HINDUSTANI MUSIC - INTRODUCTION (Still under construction)

Hindustani classical music is the North Indian style of music found throughout the Northern Indian subcontinent. it is a tradition that originated in Vedic ritual chants and has been evolving since the 12th century in areas which included mainly North India and Pakistan and to some extent Bangladesh, Nepal and Afghanistan. Today it is one of the two parts of Indian classical music, with the other one being Carnatic music, which represents the music of the South.

The music is very complex and if you are completely new to Indian music, bare with me, I will do my best to explain what I have learnt so far.

The Indian musical system relies on the notions of RAGA (melody) and TALA (Rhythm).

Before we continue, at this stage you really need to have a tanpura (Indian drone - pictured left) and a tabla (Indian drum - pictured right) for your practice to make sure that you are playing in tune and in rhythm. Most people do not have easy access to players of these instruments, so I would suggest you either download a program for your computer or for your ipod or iphone (with speakers) - usually these cost a little money but if you are planning to play the bansuri often, this is worth the investment and it will help you with your practice.
For Tanpura & Tabla programs for computers, you can try:

Riyaz Studio - Includes tanpura and tabla (see picture below)

Professional Tanpura software - Just tabla. (Pictured below)

For Iphone or Ipod, you can try: 

Itabla pro - I use this one and have to say that I am very happy with it. Includes tanpura and tabla. (pictured below)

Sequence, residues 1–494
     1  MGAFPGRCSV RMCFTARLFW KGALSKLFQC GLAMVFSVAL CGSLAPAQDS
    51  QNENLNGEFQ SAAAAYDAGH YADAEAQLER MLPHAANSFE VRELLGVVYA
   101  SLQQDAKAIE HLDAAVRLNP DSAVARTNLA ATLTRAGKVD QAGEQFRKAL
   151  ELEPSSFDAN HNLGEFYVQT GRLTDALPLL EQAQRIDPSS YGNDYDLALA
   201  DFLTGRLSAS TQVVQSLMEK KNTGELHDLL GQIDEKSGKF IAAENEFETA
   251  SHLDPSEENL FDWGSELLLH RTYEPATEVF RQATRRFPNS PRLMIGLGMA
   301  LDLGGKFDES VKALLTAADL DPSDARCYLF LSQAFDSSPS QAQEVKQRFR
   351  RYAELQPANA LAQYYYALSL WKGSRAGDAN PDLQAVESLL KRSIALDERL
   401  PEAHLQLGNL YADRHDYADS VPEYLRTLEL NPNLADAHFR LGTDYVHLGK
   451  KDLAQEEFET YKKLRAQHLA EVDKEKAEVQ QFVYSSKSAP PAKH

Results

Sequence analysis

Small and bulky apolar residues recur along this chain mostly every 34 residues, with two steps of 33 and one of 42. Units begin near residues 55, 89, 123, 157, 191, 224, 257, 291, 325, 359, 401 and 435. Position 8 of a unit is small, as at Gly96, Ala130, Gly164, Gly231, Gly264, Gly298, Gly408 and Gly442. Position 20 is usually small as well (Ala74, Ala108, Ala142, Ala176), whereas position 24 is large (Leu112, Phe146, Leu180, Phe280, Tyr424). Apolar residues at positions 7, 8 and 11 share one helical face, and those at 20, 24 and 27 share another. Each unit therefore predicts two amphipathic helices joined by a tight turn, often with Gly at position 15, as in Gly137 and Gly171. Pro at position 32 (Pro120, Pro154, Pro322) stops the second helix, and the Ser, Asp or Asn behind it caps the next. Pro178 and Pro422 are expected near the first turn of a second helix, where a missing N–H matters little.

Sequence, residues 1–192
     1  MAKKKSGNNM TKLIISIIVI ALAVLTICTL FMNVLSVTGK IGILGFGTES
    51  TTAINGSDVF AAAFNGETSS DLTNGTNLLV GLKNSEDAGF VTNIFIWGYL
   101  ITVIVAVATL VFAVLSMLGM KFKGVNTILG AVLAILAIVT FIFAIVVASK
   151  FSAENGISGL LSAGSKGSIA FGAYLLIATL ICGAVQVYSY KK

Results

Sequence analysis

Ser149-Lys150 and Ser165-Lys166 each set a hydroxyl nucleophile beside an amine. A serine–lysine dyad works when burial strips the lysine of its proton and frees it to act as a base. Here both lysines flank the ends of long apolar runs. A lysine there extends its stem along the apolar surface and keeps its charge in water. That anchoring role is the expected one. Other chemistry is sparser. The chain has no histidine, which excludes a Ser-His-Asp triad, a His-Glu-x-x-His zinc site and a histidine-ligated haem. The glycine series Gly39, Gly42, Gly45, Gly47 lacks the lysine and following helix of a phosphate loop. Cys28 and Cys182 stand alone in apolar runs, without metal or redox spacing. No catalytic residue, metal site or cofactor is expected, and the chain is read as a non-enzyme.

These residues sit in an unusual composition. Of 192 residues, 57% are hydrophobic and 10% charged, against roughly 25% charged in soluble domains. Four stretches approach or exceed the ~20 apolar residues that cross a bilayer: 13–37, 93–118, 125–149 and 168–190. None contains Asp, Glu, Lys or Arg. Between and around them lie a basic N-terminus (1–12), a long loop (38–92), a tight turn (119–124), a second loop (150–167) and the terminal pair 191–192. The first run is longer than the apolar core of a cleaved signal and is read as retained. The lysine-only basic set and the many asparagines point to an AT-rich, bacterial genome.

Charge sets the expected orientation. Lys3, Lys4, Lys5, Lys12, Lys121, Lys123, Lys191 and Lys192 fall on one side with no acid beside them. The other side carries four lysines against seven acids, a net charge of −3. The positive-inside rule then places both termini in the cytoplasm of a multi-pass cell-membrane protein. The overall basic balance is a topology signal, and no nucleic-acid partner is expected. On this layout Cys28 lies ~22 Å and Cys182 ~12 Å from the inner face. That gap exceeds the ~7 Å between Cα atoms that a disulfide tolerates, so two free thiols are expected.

Itabla Pandit lite - This one is free and includes tanpura and tabla but requires payment for advanced features. (pictured below)

How to use the tanpura: 

Your tanpura needs to be tuned according to the key of the flute you are playing in. So if you are playing with an E bass flute, your tanpura must be tuned to E. By playing Sa on your E flute, it should sound in tune with your tanpura tuned to E. Likewise, if you are playing with a flute in the key of C natural, you will need to tune the tanpura to C natural so that when you play Sa on your C natural flute, it will be in tune also.

It is difficult as a beginner to know if you are playing exactly in tune. When you tune the tanpura with your flute, try changing the tanpura, for example if you are using a G bass flute and you have just tuned your tanpura to G, try changing the tanpura to F and then play Sa on your G flute. You will notice that it does not sound quite right because it is out of tune. If you still do not notice this, do not worry. Your ears will adjust in time. Just be patient.